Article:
Editorials

editorial

Charlie Baker should put the brakes on Daly Field plan

GOVERNOR BAKER should freeze a plan to lease Daly Field in Brighton to Simmons College, a flawed idea that hasn’t gotten much better since it was first proposed in 2012. Under the deal, Simmons would agree to improve and maintain the state-owned land next to the Charles River, in exchange for exclusive use for its athletic teams during certain months and times of day. Under the 20-year agreement, Brighton High School’s football team and the Allston-Brighton Little League would also get slots to use the field.

Those benefits are substantial, and Simmons deserves credit for engaging with the community and improving the plan, which now includes 10 parking spaces. But the proposal still cuts too many of the state’s residents out of the picture. For anyone without a child in youth sports or a daughter at Simmons, the overall result of the deal would be to reduce the amount of time an existing public park is available for the public’s use.

Considering the immense repair backlog at state parks, and Brighton High School’s longstanding need for a football field, it’s easy to understand why local officials leapt at Simmons’ offer. Making deals with private operators on state land is not, in itself, inherently bad, and can be a way to make investments in parks that the state can’t afford itself. But the state should still seek out the best deal on behalf of all taxpayers. As environmental groups opposed to the deal have pointed out, the state has not even put a dollar figure on the land’s value, which makes it next to impossible to evaluate whether the state is getting the best terms possible.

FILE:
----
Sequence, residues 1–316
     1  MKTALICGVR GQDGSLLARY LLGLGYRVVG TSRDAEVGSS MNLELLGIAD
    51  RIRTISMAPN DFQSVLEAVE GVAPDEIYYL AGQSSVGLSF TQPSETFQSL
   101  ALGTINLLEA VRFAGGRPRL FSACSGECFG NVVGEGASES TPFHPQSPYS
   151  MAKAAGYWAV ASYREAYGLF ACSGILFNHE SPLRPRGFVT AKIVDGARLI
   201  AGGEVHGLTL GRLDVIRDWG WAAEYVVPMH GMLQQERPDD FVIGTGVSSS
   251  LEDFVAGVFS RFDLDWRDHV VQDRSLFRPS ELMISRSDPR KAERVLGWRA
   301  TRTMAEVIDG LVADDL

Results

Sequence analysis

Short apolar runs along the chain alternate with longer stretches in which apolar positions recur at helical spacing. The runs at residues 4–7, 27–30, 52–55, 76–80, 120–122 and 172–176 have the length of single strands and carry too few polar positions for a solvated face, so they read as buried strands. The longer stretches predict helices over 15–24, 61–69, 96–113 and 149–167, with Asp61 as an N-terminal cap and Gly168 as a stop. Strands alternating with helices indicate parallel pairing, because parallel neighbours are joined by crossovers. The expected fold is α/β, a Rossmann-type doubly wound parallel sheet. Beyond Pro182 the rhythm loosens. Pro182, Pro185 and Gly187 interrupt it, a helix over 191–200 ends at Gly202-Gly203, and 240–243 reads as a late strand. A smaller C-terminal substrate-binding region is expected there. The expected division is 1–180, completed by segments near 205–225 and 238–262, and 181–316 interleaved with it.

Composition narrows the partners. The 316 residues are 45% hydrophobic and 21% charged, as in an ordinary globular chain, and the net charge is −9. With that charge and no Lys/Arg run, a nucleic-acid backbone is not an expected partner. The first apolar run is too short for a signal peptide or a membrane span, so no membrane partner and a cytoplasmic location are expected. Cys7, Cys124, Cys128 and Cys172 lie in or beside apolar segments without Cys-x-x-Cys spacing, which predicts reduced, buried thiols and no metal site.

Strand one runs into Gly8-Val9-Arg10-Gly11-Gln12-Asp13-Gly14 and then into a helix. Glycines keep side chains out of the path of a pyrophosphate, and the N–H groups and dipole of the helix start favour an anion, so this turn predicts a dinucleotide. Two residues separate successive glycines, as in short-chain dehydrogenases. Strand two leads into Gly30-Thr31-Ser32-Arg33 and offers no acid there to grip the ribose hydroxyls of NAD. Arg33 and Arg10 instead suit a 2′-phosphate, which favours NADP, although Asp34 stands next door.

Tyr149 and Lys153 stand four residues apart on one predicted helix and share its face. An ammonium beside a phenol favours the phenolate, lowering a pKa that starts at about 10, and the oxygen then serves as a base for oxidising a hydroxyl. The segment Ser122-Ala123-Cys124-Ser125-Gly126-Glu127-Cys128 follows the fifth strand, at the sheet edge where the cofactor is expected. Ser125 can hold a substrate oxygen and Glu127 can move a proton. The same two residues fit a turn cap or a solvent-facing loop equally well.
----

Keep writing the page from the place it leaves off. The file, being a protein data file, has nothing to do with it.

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Baker, who came into office promising a data-driven approach to state government, should call a timeout until the state can at least offer critics those numbers. There’s no doubt that what Simmons has offered would be an upgrade at Daly Field, and a boon to local youth sports. But it comes at a steep price, and Baker shouldn’t approve the lease unless he concludes there’s no other way to get the improvements.